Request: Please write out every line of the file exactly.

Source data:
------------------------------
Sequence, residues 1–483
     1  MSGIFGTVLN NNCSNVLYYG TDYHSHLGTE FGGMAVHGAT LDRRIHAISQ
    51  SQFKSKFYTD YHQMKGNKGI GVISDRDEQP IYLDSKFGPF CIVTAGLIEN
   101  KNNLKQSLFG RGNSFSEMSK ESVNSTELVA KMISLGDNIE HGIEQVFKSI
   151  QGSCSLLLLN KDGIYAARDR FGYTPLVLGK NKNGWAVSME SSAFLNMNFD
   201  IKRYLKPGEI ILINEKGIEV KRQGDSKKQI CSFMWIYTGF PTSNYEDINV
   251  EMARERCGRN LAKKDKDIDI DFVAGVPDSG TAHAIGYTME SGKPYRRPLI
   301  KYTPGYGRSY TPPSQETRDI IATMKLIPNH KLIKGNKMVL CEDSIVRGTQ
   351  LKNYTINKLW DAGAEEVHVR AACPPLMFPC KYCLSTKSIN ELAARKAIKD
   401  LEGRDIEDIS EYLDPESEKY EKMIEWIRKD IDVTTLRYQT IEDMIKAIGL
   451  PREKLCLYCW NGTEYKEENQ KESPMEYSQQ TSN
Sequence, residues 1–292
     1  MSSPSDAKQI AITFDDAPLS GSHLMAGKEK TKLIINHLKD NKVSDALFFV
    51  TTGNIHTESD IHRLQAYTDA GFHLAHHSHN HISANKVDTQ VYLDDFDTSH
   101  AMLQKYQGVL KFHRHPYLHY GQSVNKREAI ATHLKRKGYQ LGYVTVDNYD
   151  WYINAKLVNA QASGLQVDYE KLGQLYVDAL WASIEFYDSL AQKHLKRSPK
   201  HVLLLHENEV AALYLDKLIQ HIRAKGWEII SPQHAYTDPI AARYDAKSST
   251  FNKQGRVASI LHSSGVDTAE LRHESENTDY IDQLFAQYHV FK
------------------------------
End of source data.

Sequence, residues 1–483
     1  MSGIFGTVLN NNCSNVLYYG TDYHSHLGTE FGGMAVHGAT LDRRIHAISQ
    51  SQFKSKFYTD YHQMKGNKGI GVISDRDEQP IYLDSKFGPF CIVTAGLIEN
   101  KNNLKQSLFG RGNSFSEMSK ESVNSTELVA KMISLGDNIE HGIEQVFKSI
   151  QGSCSLLLLN KDGIYAARDR FGYTPLVLGK NKNGWAVSME SSAFLNMNFD
   201  IKRYLKPGEI ILINEKGIEV KRQGDSKKQI CSFMWIYTGF PTSNYEDINV
   251  EMARERCGRN LAKKDKDIDI DFVAGVPDSG TAHAIGYTME SGKPYRRPLI
   301  KYTPGYGRSY TPPSQETRDI IATMKLIPNH KLIKGNKMVL CEDSIVRGTQ
   351  LKNYTINKLW DAGAEEVHVR AACPPLMFPC KYCLSTKSIN ELAARKAIKD
   401  LEGRDIEDIS EYLDPESEKY EKMIEWIRKD IDVTTLRYQT IEDMIKAIGL
   451  PREKLCLYCW NGTEYKEENQ KESPMEYSQQ TSN
Sequence, residues 1–292
     1  MSSPSDAKQI AITFDDAPLS GSHLMAGKEK TKLIINHLKD NKVSDALFFV
    51  TTGNIHTESD IHRLQAYTDA GFHLAHHSHN HISANKVDTQ VYLDDFDTSH
   101  AMLQKYQGVL KFHRHPYLHY GQSVNKREAI ATHLKRKGYQ LGYVTVDNYD
   151  WYINAKLVNA QASGLQVDYE KLGQLYVDAL WASIEFYDSL AQKHLKRSPK
   201  HVLLLHENEV AALYLDKLIQ HIRAKGWEII SPQHAYTDPI AARYDAKSST
   251  FNKQGRVASI LHSSGVDTAE LRHESENTDY IDQLFAQYHV FK